[MittleiderMethodGardening] What if My Plants Aren't Ready To Harvest When the Charts Say They are Supposed to Be Ready??


Group:  Following is an exchange I had with a Mittleider Gardener this morning.  I believe all will benefit from reading it:

 I'm very confused about harvesting. My onions are over 85 days in the ground but basically the size of half dollars (see pictures on group page). Now I'm told after asking questions that I need to wait until the stems turn brown before I harvest. My carrots will be day75 on the 19th and test harvests show the carrots only to be the size of my index finger or smaller. Chart says for potatoes 65 days. Mine are approaching 75 days and again have been told to wait until plant dries up until harvesting. Right now the only thing I fairly sure of is when the tomatoes are red they can be harvested! I stopped all fertilizing but the tomatoes based on the chart. Watering daily if it isn't raining. If you can't go by the maturity dates on the chart, how can one start a second set of crops?


Those are surely good questions Mike!  The problems with accepting written maturity dates for crops is that it cannot take into account things like plant variety (there are varieties of corn that mature in 60 days and some that mature in 84 days, and everything in between), growing zones, weather differences from year to year, season to season, and even week to week, etc., etc.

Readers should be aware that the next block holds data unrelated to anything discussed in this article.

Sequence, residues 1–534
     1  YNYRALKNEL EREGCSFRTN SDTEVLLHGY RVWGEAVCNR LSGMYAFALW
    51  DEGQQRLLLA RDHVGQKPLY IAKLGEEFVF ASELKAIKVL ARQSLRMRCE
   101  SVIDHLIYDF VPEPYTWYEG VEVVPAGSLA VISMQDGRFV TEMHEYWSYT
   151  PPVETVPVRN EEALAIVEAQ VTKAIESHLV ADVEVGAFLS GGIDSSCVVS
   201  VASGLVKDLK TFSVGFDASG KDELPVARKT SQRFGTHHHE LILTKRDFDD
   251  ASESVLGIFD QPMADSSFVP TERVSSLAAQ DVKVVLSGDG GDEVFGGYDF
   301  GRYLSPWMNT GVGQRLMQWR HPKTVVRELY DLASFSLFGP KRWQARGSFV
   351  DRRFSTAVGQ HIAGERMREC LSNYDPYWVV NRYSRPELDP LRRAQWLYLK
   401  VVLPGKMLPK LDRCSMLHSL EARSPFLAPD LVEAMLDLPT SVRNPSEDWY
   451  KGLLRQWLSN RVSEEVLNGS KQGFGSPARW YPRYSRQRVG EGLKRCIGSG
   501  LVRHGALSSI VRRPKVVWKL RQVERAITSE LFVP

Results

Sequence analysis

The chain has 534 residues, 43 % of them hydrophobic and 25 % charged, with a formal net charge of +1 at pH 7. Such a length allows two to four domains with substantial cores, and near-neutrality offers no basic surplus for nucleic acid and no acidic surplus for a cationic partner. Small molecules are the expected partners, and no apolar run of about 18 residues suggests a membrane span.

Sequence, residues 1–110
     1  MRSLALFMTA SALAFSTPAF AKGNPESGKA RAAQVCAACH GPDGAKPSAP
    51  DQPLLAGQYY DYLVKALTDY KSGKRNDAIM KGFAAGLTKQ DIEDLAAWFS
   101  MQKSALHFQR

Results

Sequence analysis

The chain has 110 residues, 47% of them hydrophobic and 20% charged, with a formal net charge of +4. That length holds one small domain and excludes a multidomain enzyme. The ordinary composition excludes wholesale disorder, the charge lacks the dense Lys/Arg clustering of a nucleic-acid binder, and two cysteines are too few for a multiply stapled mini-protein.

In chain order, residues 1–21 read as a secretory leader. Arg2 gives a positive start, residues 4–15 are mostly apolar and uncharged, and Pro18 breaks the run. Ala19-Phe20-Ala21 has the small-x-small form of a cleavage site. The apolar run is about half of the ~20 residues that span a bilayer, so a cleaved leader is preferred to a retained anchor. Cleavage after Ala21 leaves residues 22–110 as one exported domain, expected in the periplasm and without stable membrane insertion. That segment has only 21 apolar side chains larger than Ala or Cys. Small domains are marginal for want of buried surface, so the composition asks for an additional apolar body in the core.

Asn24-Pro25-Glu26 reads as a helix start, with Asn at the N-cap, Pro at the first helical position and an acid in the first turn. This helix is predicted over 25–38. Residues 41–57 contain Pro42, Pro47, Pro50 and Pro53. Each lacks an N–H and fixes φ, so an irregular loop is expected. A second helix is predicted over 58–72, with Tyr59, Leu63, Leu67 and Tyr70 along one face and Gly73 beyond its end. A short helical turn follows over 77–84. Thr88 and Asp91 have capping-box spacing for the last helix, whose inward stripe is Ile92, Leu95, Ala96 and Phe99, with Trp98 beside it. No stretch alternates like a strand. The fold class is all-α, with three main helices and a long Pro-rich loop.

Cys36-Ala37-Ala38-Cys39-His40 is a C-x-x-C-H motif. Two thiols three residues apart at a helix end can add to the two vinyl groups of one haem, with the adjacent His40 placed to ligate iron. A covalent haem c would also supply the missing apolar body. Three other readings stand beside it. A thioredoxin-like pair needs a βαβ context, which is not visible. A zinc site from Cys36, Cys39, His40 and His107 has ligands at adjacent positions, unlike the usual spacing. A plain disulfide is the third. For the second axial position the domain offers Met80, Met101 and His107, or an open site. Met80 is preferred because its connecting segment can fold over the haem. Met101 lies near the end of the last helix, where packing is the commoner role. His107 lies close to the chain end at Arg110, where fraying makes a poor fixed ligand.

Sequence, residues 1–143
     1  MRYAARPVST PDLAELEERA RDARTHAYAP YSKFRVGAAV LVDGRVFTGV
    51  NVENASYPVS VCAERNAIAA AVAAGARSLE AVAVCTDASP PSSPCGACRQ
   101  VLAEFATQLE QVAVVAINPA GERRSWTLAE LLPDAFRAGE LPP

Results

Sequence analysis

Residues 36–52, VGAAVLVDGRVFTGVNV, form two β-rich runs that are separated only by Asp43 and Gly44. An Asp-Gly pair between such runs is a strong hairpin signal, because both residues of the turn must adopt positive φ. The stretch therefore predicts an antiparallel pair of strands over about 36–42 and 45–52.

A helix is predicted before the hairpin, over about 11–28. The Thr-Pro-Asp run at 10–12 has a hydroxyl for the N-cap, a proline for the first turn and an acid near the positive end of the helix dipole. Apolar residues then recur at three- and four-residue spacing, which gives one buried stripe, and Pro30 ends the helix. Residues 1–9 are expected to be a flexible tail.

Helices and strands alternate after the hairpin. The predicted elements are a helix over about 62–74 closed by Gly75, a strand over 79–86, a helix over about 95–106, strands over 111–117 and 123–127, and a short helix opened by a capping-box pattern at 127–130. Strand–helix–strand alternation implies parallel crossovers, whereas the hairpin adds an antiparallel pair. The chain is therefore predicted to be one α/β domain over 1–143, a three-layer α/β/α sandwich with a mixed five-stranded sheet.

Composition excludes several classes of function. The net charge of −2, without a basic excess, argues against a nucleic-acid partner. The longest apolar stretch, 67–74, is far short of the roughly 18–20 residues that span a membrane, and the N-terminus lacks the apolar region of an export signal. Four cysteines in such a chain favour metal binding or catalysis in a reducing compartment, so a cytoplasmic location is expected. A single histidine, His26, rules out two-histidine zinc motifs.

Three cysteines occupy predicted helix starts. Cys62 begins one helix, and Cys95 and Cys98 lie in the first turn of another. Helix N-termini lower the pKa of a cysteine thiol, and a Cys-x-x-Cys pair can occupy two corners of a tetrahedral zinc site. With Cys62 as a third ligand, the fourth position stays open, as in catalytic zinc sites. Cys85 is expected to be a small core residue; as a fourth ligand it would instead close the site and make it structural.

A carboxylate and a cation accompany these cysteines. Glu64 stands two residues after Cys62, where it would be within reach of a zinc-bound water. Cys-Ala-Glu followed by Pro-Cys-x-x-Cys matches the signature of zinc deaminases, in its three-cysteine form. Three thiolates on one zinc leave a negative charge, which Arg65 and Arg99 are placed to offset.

For example, what variety are your onions?  What has the weather been like - sunny and warm for 60 days, or cloudy, cool, and rainy for most of those 60 days?  How has the feeding been going?  If your garden receives two or three torrential downpours in a fairly short time the nutrients will be leached out of the soil, and feeding more often will be required in order for the plants to thrive.

Carrots and potatoes (and other crops!) are subject to the same variables.  Some varieties mature in 60 days of normal growing conditions, and some take 90 days or longer.

If you are serious about growing a second crop - and I hope you are - then you do the best you can, and if/when you discover your garden is not going to be ready when the seedlings are ready, you do things to slow your seedlings' growth, such as lowering temperature, reducing water, reducing light, etc.

Jim Kennard


Posted by: jim@growfood.com
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